LIHUE, KAUAI (HawaiiNewsNow) - Much like the rest of the state, homeless service providers on Kaua'i say their biggest obstacle is transitioning folks out of shelter space and into affordable, permanent housing.
Officials say subsidized housing, in many cases, is still too expensive for the working class to afford -- leaving little hope for homeless to get off the streets, which is why so many of them end up in beach parks like Salt Pond. Experts say the west side beach is one of the most populated areas for homeless on the island, but for the most part -- there isn't the kind of visibility about homelessness on Kaua'i as there is on O'ahu.
"Homelessness is more of, in my opinion, a hidden issue on Kaua'i and not nearly on the forefront," said Wayne Law, Mental Health Kokua of Kaua'i's Program Service Manager.
Officials say there are homeless scattered across the island, but few large encampments. The most recent point-in-time count indicates there are around 456 homeless on Kaua'i and only about 78 are sheltered.
"Last month, in May, we had approximately 33 new intakes of new homeless we've never seen before," described Stephanie Fernandes, the Homeless and Housing Programs Director for Kaua'i Economic Opportunity, which runs Kaua'i's only homeless shelter. Mana 'Olana opened in 2007, but with only 19 beds to serve men, women and families, it's almost always at capacity.
"Cumulatively over the year, we can serve over 200 homeless people and families," said Fernandes. "What would make the biggest difference would be finding apartments that would affordable for the homeless to move into."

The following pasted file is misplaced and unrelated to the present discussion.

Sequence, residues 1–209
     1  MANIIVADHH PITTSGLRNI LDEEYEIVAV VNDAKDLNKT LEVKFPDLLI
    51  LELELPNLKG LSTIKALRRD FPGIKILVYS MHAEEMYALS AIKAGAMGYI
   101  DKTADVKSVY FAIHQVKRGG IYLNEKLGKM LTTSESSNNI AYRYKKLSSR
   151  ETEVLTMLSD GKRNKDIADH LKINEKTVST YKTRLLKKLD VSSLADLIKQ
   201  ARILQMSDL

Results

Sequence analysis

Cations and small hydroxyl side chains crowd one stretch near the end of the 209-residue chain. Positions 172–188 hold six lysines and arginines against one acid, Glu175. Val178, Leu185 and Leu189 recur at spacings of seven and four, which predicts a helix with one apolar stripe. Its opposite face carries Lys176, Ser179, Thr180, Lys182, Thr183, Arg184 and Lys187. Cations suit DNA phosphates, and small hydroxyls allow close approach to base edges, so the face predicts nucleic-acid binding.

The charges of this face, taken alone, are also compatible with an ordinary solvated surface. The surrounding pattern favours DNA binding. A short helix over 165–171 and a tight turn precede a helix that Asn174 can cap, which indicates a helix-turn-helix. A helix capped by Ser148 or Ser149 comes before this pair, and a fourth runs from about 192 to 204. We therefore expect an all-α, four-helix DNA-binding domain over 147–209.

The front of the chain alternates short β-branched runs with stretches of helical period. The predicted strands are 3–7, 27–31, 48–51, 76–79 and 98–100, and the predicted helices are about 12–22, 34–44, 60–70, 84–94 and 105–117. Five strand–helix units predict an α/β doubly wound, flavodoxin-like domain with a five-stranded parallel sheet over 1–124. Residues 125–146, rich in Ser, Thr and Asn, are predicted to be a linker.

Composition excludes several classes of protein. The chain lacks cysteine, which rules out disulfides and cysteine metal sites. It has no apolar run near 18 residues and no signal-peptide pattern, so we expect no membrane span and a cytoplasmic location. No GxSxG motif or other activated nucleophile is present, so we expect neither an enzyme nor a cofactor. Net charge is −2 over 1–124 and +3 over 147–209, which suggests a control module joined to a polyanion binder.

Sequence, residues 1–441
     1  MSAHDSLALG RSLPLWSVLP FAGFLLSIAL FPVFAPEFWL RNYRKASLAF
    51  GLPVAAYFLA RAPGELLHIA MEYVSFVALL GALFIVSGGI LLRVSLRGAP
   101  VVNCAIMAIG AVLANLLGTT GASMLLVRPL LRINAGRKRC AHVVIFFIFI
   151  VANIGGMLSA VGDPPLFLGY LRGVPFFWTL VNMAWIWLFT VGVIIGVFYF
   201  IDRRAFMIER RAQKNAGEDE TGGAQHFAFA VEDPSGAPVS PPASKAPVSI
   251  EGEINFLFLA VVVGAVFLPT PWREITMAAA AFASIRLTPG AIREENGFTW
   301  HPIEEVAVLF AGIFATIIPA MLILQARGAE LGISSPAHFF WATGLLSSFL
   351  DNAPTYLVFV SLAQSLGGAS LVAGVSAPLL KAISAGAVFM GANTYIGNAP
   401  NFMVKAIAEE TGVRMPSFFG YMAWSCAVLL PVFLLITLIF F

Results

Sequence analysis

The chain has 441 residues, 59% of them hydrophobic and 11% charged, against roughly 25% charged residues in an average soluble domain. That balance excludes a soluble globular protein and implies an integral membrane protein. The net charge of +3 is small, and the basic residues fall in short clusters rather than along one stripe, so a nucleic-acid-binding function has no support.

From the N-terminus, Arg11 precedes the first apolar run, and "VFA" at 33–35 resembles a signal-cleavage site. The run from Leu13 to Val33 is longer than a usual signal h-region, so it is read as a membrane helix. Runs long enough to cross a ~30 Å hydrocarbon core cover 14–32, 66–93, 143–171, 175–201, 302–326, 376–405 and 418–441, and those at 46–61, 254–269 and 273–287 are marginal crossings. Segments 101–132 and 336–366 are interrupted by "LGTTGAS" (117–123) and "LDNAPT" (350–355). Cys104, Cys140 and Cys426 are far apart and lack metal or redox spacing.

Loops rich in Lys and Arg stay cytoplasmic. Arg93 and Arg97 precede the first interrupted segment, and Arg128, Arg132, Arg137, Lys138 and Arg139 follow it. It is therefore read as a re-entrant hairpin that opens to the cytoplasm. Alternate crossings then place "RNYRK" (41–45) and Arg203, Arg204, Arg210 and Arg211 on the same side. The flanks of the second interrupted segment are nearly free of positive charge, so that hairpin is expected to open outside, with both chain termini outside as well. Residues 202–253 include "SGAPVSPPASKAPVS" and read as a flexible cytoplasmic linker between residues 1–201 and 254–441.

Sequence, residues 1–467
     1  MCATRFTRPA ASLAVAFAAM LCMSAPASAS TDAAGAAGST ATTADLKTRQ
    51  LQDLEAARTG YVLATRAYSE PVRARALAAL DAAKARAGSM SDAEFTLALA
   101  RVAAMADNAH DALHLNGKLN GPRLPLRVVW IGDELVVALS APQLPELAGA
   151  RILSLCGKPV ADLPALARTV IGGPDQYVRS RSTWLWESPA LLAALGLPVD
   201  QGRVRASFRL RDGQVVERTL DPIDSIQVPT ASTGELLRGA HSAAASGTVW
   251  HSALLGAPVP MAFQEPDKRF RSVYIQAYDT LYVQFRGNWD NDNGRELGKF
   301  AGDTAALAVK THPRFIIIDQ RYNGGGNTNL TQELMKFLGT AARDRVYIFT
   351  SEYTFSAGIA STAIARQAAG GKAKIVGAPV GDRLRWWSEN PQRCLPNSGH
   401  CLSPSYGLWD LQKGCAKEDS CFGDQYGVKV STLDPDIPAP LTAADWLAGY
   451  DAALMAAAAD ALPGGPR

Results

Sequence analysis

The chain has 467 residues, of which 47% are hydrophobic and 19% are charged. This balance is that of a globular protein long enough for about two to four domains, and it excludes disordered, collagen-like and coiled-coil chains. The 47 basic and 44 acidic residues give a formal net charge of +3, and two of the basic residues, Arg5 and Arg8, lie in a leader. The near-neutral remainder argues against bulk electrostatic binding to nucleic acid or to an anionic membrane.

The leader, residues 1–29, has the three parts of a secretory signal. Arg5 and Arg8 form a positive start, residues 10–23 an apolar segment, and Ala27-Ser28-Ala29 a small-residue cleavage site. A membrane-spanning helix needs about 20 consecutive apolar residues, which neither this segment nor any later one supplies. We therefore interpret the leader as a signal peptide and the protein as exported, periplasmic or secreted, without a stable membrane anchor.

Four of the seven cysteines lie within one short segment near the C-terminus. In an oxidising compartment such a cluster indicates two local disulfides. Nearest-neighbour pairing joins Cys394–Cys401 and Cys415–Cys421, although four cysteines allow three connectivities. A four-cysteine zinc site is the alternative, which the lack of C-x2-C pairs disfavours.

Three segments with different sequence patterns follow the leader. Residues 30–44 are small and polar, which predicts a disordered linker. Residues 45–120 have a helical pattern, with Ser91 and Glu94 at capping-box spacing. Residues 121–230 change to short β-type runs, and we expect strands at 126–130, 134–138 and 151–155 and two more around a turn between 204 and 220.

But like every other island, officials say affordable housing demand far outnumbers supply.
"It's a challenge for everybody. It's a challenge for workforce level individuals and it's even worse if you're homeless. Where can you go? There are long waiting lists for subsidized housing in most cases," explained Debra DeLuis, the Kaua'i Community Alliance Chair and Community Director for Catholic Charities Kaua'i.
Carl Goularte has a HUD voucher worth $998 a month, but says most Section 8 approved rentals start around $1200, which is why he's in line for the shelter everyday instead of in his own place.
"The HUD vouchers went down and property value went up, so that's why everything's jumbled right now. I'm lucky to have a voucher, but I have what -- a month and a half left -- and if I don't find a place, it's canceled out and so I don't know," described Goularte.
Officials say it's a consistent problem that needs to be addressed in order to end homelessness in this community.